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Tuesday, February 25, 2014

Flatulence in dogs is normal, usually harmless -- but sometimes needs a clinician's help

'Are there any specific issues that I need to be aware of with regard to your pet?', is a question that I ask with regard to any new-to-me animal that will be in my care.

One of the most common replies elicits a giggle or two on my part, and a word of reassurance which usually sets an embarrassed pet owner at ease.

'Well... they have really bad gas. I hope that's not a problem.'

I'm definitely no stranger to the effluvious side of caring for pets.

Flatulence in dogs is common. In some dogs, it seems to be more odorous than others. In any case, gas can occur for a lot of reasons which are mostly simple and harmless.

Gas occurs either when an excessive amount of air is swallowed due to being a brachycephalic dog (as in the case of bulldogs or pugs), having a respiratory condition or in those dogs that gulp down their food – but gas is most commonly produced in the intestine. In the latter case, stomach contents, which are acidic, meet the more alkaline small intestine, and then fluid and carbon dioxide result. Most of the carbon dioxide is distributed into the vascular system, but some is left in the intestines.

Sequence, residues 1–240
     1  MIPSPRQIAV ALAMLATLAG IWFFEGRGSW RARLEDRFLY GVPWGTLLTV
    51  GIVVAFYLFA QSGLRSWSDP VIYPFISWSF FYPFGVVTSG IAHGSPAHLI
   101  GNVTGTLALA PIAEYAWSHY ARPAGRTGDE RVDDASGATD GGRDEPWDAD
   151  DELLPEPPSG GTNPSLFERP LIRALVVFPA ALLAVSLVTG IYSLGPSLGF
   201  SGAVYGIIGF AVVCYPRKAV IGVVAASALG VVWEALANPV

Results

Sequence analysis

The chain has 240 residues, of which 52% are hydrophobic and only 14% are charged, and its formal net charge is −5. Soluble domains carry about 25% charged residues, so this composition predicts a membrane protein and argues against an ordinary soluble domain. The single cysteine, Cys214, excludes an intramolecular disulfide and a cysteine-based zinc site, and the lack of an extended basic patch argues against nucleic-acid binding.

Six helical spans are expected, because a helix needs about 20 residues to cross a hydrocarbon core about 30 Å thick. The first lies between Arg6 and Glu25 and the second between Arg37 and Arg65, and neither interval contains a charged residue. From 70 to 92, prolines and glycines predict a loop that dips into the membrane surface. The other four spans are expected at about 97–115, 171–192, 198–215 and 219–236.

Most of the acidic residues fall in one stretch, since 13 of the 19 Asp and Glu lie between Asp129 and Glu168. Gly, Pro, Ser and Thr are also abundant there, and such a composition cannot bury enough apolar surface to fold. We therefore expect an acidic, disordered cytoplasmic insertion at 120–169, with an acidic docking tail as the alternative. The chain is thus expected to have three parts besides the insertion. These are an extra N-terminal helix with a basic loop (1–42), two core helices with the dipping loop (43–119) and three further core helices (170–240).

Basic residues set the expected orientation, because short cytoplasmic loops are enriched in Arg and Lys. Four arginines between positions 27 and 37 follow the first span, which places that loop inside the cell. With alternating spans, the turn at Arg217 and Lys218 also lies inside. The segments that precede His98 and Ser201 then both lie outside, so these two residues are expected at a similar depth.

The unpleasant smell associated with gas is caused by bacteria in the intestine that reduce sulfur in amino acids, as well as nuts and other plant-based foods.

Diet can increase the incidence of gas. Commercial diets can contain some things that prove to be hard to digest, like some proteins and carbohydrates, and ingredients that are used to improve texture, like carrageenan. Of course, cruciferious vegetables like broccoli can contribute.

Lack of activity can exacerbate flatulence in dogs, and it's thought that consuming too much fat can be a contributing factor.

In working with your clinician, any food sensitivities can be identified to help mitigate the occurrence of troublesome gas. Aside from feeding the right food, smaller but more frequent meals may help, as well as exercise.

Should any dietary changes not yield any favorable results, your vet can rule out any underlying medical issues that could be at the root.

Lorrie Shaw is a freelance writer and owner of Professional Pet Sitting. Shoot her an email, contact her at 734-904-7279 or follow her adventures on Twitter.

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